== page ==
News & Views

New Swedish Foreign Investment Screening Regime

25 November 2021


On 1 November 2021, a Swedish government inquiry proposed to introduce a new comprehensive foreign direct investments (FDI) regime designed to screen and control foreign acquisitions of undertakings domiciled in Sweden whose activities or technology are deemed essential for national security or public order. The new regime is proposed to enter into force on 1 January 2023. In this article, we summarise the key elements of the proposed regime.

Wide scope of application and low filing thresholds

In contrast to the rather narrow scope of the current Security Protection Act (in Swedish: säkerhetsskyddslagen) which requires notification and approval of any transfer of operations vital to national security, the new FDI regime will have a much wider scope of application and apply to investments in undertakings, regardless of legal form, engaged in any of the following activities:

  • Services essential to society’s basic needs, values or safety (in Swedish: samhällsviktig verksamhet).
  • Security-sensitive activities (as defined by the Security Protection Act).
  • Activities that prospect for, extract, enrich or sell raw materials that are critical to the EU, or other metals and minerals that are critical to Sweden.
  • Activities whose principal purpose is the processing of sensitive personal data or location data.
  • Activities related to emerging technologies and other strategic protected technologies.
  • Activities that manufacture, develop, conduct research into or supply dual-use products or supply technical assistance for such products.
  • Activities that manufacture, develop, conduct research into or supply military equipment or supply technical support for military equipment.

The new FDI regime will require an investor, regardless of nationality, to notify an acquisition of influence over undertakings engaged in any of the above-mentioned activities to the Inspectorate of Strategic Products (ISP). The filing threshold will be met if an investor solely or jointly acquires more than 10% of the votes in the target undertaking. Once a 10% shareholding is acquired and approved, every subsequent add-on acquisition, regardless of its size, must be notified and approved. In addition to the 10% threshold, influence may be established on a de facto-basis through other means than a shareholding.

Procedure – mandatory notification and standstill obligation

The procedure of the proposed FDI regime bears resemblance to the EU’s and Sweden’s ex-ante competition law merger control procedures. The investor must submit a mandatory notification and obtain approval from ISP before the acquisition is implemented (so called standstill obligation).

Within 25 working days from notification (Phase I), ISP must either approve the acquisition or open an in-depth review (Phase II), which may last three calendar months (extendable to six months). Before the end of Phase II, ISP must either approve or prohibit the investment if found necessary with regard to national security or public order. An approval can be made conditional on commitments from the investor.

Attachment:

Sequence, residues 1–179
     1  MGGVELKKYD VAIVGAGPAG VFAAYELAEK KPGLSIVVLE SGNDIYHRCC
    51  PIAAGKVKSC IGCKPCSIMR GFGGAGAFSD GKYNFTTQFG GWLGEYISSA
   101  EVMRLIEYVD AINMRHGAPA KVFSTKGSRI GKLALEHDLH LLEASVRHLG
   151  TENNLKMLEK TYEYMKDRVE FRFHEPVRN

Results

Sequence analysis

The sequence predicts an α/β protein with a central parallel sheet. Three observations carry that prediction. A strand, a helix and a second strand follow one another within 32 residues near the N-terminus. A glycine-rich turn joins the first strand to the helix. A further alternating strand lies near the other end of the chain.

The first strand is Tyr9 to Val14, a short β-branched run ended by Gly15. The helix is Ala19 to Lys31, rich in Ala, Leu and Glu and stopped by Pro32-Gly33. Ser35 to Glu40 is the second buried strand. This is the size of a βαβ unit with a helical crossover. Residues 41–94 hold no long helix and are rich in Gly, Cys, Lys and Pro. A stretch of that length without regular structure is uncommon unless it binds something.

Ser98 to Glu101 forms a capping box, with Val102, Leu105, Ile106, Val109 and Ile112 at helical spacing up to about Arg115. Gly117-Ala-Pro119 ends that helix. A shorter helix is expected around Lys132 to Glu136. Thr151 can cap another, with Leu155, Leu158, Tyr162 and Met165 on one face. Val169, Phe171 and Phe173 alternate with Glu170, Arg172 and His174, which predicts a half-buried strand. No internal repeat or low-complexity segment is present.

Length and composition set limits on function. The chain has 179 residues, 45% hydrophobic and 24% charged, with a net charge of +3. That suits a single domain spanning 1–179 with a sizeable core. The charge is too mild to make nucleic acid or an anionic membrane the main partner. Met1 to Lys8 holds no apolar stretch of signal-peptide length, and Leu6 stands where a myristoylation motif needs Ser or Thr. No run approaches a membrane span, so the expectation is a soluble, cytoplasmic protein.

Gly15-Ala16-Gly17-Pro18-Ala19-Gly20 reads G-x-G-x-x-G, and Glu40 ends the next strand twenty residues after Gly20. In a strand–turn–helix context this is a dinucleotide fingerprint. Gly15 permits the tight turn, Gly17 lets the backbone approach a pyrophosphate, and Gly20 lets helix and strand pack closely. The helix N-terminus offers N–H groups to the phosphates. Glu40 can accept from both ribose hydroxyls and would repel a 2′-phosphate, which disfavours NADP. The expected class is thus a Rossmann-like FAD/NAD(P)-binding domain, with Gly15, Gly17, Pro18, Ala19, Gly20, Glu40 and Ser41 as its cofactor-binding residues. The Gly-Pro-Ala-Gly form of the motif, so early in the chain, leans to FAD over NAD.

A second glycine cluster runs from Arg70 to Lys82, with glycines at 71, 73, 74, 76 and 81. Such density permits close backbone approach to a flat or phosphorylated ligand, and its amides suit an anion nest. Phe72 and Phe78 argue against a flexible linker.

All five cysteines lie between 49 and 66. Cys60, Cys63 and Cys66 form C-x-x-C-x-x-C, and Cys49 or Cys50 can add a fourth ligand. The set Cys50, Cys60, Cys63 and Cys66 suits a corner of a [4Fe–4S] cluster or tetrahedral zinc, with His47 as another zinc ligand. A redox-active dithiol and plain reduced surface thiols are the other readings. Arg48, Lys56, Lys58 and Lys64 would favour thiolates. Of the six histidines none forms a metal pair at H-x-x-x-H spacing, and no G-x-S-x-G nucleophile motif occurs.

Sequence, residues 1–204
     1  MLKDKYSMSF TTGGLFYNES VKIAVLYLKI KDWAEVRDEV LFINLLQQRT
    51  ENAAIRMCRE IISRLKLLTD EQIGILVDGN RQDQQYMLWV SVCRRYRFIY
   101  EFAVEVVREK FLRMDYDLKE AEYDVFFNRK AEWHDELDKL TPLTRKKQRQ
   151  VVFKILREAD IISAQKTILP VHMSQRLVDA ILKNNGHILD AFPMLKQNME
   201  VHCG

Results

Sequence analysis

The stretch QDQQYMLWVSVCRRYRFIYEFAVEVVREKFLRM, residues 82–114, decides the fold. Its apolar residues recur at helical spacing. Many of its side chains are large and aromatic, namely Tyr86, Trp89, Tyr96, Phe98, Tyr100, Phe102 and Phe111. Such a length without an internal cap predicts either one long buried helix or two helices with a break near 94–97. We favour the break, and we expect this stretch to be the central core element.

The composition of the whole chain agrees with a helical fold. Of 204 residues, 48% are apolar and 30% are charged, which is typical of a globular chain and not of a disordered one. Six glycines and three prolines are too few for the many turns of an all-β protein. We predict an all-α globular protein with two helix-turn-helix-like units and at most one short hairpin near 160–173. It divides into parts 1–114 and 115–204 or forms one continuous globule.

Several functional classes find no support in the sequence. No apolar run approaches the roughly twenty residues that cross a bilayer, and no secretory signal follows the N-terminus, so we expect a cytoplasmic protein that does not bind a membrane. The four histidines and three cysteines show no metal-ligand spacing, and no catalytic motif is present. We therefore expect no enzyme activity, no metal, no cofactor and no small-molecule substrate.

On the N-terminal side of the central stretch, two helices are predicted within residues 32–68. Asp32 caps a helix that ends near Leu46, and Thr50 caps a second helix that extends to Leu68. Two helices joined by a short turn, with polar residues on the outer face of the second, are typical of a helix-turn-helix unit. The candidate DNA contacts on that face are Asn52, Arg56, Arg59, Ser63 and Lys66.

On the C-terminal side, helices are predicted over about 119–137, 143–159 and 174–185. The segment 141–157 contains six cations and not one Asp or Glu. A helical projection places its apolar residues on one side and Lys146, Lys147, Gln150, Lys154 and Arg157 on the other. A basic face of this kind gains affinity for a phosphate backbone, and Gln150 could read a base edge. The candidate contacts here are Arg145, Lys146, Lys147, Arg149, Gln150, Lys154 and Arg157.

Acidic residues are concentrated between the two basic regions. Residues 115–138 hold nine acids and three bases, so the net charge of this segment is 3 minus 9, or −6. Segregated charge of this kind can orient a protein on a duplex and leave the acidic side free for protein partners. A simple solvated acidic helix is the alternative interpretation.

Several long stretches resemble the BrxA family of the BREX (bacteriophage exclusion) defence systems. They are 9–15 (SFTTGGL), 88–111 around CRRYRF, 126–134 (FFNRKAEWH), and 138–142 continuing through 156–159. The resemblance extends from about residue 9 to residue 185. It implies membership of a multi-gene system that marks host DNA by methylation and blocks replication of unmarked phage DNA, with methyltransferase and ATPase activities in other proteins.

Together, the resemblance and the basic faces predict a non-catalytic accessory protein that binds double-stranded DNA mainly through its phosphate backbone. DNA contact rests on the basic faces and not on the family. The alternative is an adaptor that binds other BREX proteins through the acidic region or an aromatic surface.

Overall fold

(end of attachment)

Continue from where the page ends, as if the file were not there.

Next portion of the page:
Quite surprisingly, acquisitions of shares in publicly traded companies are not proposed to be exempted from the requirement to notify before the acquisition is made. In light of the nature of such acquisitions, and the fact that post-acquisition notification of publicly traded companies is an integral part of competition law procedure, we believe this matter ought to be revisited by the legislator during the continued legislative process.

A failure to comply with the notification requirements will not prevent ISP from prohibiting an investment after completion of the transaction. A prohibition will invalidate any contractual arrangements between the investor and the seller on which the transaction is based, except for acquisitions made over a stock exchange, in which case the investor may be ordered to sell shares which the investor already dispose of.

Although a failure to notify will not be subject to criminal sanctions, ISP may issue administrative fines of up to EUR 5 million. A decision to prohibit any investment may be appealed to the Swedish Government whereas a fine may be appealed to the Administrative Court in Stockholm.

Implications for the M&A process

With the introduction of the new FDI regime, parties to a transaction with sufficient links to Sweden will have to consider the applicability of three different merger control procedures: review under (i) competition law, (ii) the new FDI regime, and, more seldom, (iii) the Security Protection Act.

Although the scope of application of the proposed regime is more specific than the related Security Protection Act, the scope of application is not yet fully clear, and a more precise definition of essential services covered by the regime will be set out in administrative provisions by the Swedish Civil Contingencies Agency (MSB). It remains to be seen whether these provisions will provide any useful guidance or whether uncertainties as to the scope of applicability will remain. Moreover, it remains to be seen whether ISP will be willing to engage in informal pre-notification contacts to help clear out potential uncertainties before a notification starts the clock of the statutory deadlines.

All these factors could have potential implications for an M&A process, with regard to, among other things, deal-feasibility, timelines, negotiation of risk-allocation and other terms of the deal.

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